"Employers or staffing firms questioned about such ads typically pull the ads or delete the exclusionary language," Owens testified, "but that does not signal that they will not apply the exclusion in the selection process." She said that NELP also hears regularly from unemployed workers who are contacted about jobs, only to be told that they will not be referred once recruiters find out that they are not working.

"Some employers may use current employment as a signal of quality job performance," says Helen Norton, associate professor at the University of Colorado School of Law. "But such a correlation is decidedly weak, as there are many reasons one might be unemployed that have nothing to do with job performance."

Potential Discrimination at Work

Other experts testified that screening out unemployed job candidates not only is ineffective but, particularly in the context of a significant jobs crisis, also disproportionately affects groups hit hardest by unemployment.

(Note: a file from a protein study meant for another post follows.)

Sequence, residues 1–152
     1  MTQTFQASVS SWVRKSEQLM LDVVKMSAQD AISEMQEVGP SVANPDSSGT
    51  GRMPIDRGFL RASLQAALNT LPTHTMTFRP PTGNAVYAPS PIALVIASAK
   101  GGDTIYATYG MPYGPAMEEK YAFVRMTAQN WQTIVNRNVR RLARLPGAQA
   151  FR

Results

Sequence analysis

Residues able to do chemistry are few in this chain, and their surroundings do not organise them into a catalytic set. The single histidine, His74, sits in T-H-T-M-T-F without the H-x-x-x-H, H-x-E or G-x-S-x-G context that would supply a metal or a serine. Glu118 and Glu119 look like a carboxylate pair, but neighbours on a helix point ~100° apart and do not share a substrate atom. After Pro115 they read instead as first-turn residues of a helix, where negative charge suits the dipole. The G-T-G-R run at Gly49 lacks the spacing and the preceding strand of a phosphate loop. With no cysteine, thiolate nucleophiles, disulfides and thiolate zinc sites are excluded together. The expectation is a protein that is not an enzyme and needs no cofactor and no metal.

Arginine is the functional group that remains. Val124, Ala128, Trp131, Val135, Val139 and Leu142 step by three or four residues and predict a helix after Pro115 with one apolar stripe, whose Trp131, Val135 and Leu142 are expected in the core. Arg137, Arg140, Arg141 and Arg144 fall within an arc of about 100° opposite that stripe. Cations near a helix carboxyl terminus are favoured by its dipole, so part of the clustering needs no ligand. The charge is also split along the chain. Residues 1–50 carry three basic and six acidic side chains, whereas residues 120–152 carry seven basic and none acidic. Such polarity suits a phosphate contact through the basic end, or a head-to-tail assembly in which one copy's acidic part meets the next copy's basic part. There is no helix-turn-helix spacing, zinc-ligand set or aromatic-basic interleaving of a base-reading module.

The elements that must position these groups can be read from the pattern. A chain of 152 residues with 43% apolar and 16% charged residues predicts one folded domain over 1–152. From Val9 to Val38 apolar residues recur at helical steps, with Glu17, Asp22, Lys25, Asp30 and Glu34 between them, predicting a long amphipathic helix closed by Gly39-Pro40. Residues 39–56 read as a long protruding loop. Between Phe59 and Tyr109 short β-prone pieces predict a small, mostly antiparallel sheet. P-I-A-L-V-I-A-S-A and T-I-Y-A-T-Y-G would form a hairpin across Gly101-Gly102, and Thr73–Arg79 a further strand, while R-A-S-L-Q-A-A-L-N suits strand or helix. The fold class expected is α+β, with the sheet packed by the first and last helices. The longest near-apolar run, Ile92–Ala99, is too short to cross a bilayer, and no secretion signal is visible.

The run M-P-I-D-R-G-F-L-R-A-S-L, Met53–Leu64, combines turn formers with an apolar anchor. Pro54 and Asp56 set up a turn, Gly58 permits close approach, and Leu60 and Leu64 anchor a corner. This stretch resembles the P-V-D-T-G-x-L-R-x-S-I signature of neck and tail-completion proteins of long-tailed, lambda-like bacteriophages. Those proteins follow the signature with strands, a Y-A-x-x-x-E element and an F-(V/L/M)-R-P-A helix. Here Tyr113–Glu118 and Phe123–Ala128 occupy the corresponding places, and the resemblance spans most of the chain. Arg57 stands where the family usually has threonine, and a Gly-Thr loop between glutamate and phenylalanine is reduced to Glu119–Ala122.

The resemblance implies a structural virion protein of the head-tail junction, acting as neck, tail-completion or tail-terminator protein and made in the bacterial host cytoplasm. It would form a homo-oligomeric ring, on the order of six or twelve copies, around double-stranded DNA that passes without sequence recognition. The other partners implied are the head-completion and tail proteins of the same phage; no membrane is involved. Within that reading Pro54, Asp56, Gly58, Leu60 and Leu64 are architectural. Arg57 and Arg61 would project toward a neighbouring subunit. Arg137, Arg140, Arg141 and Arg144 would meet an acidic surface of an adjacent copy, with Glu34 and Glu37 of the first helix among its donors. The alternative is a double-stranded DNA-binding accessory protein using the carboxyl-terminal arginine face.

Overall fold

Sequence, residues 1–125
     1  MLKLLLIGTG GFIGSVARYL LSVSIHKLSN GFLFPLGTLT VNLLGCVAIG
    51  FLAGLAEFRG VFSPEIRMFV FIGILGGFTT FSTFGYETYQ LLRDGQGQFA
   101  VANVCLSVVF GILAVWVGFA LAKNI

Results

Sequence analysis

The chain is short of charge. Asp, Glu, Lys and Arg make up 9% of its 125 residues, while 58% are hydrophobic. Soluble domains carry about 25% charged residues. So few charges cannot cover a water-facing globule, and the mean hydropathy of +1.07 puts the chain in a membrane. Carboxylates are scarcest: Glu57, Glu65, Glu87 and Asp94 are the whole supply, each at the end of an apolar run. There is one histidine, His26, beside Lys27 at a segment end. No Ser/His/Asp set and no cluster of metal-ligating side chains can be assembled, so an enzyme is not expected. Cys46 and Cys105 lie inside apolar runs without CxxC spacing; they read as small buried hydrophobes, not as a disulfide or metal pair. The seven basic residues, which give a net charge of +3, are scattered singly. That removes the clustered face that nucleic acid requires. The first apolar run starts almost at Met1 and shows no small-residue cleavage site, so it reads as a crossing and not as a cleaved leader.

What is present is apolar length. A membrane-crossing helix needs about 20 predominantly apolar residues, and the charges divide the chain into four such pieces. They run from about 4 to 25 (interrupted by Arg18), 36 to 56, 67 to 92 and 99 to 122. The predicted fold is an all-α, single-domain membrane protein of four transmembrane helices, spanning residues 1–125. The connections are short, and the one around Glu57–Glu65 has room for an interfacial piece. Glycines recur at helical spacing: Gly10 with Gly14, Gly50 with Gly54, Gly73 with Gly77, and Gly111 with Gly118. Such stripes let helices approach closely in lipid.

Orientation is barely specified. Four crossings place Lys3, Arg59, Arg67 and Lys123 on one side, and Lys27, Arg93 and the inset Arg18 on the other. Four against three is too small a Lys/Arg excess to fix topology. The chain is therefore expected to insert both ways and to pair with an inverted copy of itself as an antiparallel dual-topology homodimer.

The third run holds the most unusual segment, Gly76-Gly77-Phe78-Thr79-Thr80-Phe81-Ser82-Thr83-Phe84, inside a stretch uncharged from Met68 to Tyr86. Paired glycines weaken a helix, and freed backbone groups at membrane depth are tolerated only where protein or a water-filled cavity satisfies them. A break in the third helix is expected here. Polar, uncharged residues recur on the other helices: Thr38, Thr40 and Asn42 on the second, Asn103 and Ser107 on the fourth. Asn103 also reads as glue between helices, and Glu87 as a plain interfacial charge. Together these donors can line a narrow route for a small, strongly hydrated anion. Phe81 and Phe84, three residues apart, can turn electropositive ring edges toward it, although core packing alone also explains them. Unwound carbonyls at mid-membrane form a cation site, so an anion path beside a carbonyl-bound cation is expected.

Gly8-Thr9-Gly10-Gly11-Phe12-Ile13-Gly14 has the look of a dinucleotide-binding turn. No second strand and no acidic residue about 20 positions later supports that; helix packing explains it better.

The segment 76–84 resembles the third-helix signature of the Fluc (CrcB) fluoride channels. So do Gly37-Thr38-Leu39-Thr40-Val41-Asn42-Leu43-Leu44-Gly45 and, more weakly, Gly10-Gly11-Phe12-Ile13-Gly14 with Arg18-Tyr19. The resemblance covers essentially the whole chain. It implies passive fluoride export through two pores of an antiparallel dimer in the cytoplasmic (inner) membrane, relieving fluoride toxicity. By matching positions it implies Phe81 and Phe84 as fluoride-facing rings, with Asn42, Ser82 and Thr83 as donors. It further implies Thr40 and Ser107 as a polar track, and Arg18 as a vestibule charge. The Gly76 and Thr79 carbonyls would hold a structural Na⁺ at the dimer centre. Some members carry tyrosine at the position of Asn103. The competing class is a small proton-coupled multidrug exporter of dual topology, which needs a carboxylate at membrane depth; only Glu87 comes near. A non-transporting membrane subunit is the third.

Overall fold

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"When employees exclude the unemployed from the applicant pool, they are more likely to be excluding Latinos and African Americans from consideration because Latinos and African Americans have much higher unemployment rates," said William Spriggs, assistant secretary for policy at the U.S. Department of Labor.

While overall unemployment is 9 percent, the jobless rate is 15.7 percent among blacks and 11.9 percent among Latinos — disparities that persist regardless of educational attainment. African Americans are also overrepresented among the long-term unemployed, who are perhaps in the worst shape in terms of job consideration, accounting for 22 percent of people who have been out of work for more than a year.

"The chances of considering an ethnic- or racial-minority applicant are decreased by one-third when one excludes unemployed workers from the applicant pool," said Spriggs, adding that the practice is also likely to limit opportunities for older workers and people with disabilities. The unemployed are "not a protected group, so the jurisdiction from the Department of Labor is questionable, but the potential for disparate impact is there."

Don't Believe the Hype?

There were some doubters in the room, however, about the extent of the problem. According to Fernan Cepero, state director of the New York State Society for Human Resource Management, which represents human resources professionals and recruiters, the practice is far from common.